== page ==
Use this URL to cite or link to this record in EThOS: https://ethos.bl.uk/OrderDetails.do?uin=uk.bl.ethos.538957
Title: Military masculinity and public opinion in the eighteenth century
Author: Banister, Julia Alyson
ISNI:       0000 0004 2707 5491
Awarding Body: University of Southampton
Current Institution: University of Southampton
Date of Award: 2010
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Abstract:
This thesis investigates the connection between militarism and manliness in the eighteenth century. By bringing a range of historical sources - including pamphlets, newspapers, and satirical prints - together with canonical literary and philosophical texts by Joseph Addison, David Hume, Adam Smith, Lawrence Sterne, Horace Walpole, and Henry Mackenzie, this study suggests that 'old' notions of a necessary connection between the male body and military service clashed with 'new' ideas of modern manliness in this period. However, this thesis does not construct a linear narrative of change; rather, it uncovers a debate in which public opinion became a crucial factor. The introduction indentifies the roots ofthe eighteenth-century military masculinity debate in the late seventeenth-century standing army controversy, and the body of this thesis traces the continuation of the debate in the printed literature surrounding five major naval courts martial: the trials of Admirals Mathews and Lestock, 1746, the trial of Admiral Byng, 1757, and the trials of Admirals Keppel and Palliser, 1779. These trials provided foci for the military masculinity debate and allowed a range of voices to contribute, not least the Admirals themselves. However, by pairing each case study with a contextualizing chapter, this thesis also aims to show that the military masculinity debate can be mapped alongside key cultural concerns in this period: politeness, the gothic, and sensibility.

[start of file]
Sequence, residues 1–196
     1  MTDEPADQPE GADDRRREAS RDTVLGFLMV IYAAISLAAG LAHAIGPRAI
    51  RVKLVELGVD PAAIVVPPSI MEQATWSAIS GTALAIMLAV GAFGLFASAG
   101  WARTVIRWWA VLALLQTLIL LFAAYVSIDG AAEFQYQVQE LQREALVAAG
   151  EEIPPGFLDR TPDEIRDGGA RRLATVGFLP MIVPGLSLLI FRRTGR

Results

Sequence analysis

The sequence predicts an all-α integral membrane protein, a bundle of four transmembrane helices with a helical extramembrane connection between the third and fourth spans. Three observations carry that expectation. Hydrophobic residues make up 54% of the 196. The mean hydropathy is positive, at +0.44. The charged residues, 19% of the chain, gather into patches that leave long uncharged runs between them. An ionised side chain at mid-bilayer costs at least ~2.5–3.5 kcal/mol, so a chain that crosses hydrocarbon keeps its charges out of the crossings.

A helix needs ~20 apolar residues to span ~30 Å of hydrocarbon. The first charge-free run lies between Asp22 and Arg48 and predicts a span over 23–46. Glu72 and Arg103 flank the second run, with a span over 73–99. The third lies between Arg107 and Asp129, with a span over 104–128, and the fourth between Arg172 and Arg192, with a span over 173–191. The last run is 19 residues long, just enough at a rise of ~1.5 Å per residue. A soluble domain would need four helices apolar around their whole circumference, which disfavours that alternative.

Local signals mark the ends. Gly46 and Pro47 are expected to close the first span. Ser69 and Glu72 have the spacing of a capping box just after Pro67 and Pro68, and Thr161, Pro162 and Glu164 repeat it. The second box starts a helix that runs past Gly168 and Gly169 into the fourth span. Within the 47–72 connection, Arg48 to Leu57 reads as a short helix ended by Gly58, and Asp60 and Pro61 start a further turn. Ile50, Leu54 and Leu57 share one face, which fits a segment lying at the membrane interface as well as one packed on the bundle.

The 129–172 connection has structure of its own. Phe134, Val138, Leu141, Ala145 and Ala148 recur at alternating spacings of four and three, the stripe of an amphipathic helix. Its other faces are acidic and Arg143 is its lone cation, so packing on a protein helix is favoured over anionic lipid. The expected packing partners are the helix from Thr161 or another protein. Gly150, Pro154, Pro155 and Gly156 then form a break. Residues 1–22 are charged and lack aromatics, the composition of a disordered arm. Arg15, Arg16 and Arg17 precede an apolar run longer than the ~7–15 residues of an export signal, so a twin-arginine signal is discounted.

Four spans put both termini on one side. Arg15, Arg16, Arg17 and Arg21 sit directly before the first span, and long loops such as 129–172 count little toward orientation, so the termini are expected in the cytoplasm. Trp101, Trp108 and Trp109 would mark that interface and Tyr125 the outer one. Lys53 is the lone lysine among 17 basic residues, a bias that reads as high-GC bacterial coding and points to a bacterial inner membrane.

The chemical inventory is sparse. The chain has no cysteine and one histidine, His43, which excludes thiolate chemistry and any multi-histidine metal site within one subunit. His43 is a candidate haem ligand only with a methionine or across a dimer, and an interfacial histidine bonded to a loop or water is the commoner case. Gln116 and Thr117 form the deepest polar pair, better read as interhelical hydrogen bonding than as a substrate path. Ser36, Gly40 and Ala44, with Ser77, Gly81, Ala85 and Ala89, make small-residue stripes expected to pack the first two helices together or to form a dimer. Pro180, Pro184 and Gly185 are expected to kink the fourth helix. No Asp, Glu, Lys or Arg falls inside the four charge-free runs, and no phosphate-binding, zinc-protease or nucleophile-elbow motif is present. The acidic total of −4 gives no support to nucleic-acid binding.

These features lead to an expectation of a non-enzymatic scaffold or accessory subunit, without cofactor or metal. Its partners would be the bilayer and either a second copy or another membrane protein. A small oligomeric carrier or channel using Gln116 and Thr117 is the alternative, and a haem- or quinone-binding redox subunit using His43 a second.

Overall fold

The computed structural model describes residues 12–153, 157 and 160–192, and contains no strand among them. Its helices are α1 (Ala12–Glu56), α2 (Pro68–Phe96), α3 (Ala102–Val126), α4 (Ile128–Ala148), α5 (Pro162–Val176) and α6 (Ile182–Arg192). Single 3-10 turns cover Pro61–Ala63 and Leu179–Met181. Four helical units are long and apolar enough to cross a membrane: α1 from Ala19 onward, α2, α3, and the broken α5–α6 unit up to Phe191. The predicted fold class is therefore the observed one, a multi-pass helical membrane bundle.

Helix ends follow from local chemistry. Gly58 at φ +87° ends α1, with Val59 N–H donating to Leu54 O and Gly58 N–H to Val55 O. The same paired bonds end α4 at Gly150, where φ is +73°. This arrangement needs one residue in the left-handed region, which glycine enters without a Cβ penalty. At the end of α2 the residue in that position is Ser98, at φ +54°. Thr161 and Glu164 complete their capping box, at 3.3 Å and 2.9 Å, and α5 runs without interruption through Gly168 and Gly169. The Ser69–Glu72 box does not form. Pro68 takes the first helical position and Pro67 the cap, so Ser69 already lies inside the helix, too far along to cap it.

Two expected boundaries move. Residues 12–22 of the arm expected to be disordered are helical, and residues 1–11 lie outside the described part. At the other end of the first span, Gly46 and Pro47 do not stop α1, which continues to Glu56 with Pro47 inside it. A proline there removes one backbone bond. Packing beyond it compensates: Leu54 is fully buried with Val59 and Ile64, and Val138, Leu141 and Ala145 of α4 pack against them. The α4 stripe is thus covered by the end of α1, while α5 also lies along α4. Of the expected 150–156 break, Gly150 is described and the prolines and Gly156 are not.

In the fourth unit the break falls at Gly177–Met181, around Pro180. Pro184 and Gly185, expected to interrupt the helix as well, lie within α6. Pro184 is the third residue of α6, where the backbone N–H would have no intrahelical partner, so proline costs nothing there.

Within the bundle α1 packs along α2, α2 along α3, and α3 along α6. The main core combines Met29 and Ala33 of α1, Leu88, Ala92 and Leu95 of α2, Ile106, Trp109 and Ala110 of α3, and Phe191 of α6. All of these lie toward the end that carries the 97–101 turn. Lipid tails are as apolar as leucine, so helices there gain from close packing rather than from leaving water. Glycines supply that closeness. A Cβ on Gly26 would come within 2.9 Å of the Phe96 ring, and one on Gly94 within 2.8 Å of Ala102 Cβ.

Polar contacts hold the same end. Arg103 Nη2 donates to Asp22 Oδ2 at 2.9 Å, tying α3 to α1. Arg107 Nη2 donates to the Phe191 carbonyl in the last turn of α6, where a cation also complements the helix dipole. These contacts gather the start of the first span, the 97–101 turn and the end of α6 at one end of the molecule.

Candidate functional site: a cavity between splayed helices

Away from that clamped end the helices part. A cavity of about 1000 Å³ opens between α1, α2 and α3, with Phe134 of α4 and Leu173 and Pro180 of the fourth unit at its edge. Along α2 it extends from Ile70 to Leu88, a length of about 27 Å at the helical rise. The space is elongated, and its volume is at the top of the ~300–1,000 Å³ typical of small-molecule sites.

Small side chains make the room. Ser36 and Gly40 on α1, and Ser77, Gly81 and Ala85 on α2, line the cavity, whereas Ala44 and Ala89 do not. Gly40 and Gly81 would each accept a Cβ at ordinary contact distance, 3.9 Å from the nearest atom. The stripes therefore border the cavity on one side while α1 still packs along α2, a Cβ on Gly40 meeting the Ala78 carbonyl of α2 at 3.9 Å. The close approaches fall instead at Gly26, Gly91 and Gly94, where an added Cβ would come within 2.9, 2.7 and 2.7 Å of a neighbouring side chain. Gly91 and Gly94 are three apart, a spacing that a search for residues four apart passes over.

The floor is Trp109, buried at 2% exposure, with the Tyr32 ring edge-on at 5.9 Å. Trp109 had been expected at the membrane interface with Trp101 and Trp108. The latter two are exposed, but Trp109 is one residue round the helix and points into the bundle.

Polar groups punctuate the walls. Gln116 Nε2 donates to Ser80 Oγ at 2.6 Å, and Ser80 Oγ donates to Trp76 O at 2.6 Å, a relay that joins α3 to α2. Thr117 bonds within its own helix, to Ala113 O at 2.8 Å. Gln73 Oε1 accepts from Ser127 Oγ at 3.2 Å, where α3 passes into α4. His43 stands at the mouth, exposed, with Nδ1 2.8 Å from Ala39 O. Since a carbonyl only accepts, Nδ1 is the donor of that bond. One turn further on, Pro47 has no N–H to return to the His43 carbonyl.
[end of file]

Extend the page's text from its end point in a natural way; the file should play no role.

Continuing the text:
Supervisor: Not available Sponsor: Not available
Qualification Name: Thesis (Ph.D.) Qualification Level: Doctoral
EThOS ID: uk.bl.ethos.538957  DOI: Not available
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